London In Autumn: Now The Fun Begins
Autumn in the countryside means the arrival of mud, the less enjoyable vegetables (turnips, anyone?) and the countryside’s only advantage, scenery, being obscured by freezing rain. Mercifully for Londoners it’s the start of the Season – sport, theatre, music, literature, all the arts burst into bloom from the Tate to the V&A, the West End to the fringe, in pop-ups all over the capital. I’ve made my list – now I just need to finance it…
David Hare’s searing play ‘The Permanent Way’, about the chaos of breaking up the railways, is currently playing in a railway tunnel, which appeals to me. I have tickets for the new version of Friedrich Dürrenmatt’s ‘The Visit: Or the Old Lady Comes To Call’, a play that has always disturbed me.
This is a timely new version by Tony Kushner, starring one of my favourite actors, Leslie Manville (there’s an eerie musical adaptation that has never played in London; perhaps that will come next). Let’s hope it’s better than the disappointing ‘The Man in the White Suit’, which eschews the darker Ealing original for a crowd-pleasing slapstick approach. I’m all for fan service, but unlike the brilliant stage version of ‘The Ladykillers’ this is end-of-the-pier stuff, although Stephen Mangan works himself to the bone for laughs.
Meanwhile, pubs are hosting vegetable markets in the mornings and screenings at night, the ever-delightful Sohemians are staging their modern-day magic lantern shows on a host of esoteric subjects, it’s Diwali, Bonfire Night, Oktoberfest and (to a lesser extent) Hallowe’en, with as many single-use plastics that can be sold to children. Ian McKellen is doing his one-man show in as many locations as years of his life (good stamina!), museums are hosting special nights and of course it’s Oscar contender season so there’s a lot of incredible world cinema about.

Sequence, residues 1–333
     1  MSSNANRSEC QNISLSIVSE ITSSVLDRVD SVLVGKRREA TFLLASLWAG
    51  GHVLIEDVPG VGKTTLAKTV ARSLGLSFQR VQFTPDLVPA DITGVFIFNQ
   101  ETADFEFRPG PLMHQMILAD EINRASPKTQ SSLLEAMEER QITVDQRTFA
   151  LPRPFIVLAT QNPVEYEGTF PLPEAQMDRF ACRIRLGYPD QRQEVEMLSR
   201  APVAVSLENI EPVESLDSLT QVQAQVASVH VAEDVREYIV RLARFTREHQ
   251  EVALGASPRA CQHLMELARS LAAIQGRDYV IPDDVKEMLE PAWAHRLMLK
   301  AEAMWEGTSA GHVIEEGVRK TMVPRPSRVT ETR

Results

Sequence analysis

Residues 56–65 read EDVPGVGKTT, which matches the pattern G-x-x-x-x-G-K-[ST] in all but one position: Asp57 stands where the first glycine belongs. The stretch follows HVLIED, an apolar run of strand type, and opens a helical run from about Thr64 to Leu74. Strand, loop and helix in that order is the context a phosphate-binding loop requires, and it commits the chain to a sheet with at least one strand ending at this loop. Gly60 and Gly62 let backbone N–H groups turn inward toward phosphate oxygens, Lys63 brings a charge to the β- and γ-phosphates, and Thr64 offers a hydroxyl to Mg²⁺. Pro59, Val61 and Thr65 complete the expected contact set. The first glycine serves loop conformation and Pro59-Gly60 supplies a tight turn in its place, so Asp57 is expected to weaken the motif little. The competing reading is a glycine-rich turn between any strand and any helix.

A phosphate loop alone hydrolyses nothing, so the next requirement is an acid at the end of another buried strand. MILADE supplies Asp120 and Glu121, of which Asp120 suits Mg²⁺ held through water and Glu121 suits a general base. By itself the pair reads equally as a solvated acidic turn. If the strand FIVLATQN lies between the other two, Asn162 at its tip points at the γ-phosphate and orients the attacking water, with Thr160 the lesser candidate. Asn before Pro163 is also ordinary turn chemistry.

I went to see ‘Monos’, Alejandro Landes’ strange, surreal cross between ‘Lord of the Flies’ and ‘Apocalypse Now’. Easier to digest was the delightful ‘The Aeronauts’, which has Felicity Jones as the daredevil pilot Amelia Wren, taking a hot air balloon higher than anyone in the world has ever ventured in 1862. Although it’s a visual treat it is also historical nonsense, as the stunt was actually performed by a male scientist, Henry Coxwell, who here is denied his right to the achievement. Still, the message of female empowerment is not to be begrudged, and it’s exciting stuff.
At this time of the year it’s important to keep a visual record too, although I’m not an inveterate photo-taker, so I’ll be taking ‘ordinary’ shots of London life and architecture as I plod about town between downpours, trying to unravel the nots in my upcoming thriller (I say upcoming, I haven’t actually written it yet but it’s in my head).
Sometimes the most mundane streets appear delightful when you’ve been away for a while – these houses off Amwell Street are similar to the one I grew up in. They look nicer, probably because they’re now owned by wealthy residents instead of ordinary families who used to leave motorbikes in their front gardens and had screaming kids running in and out all day. I preferred those rowdy, messy neighbourhoods to the strange perfect deadness we have now.
So, I’ll be observing and making notes in the city, which will find their way into novels or perhaps ‘Bryant & May’s Guide to London’, which I may have to get around to writing one day!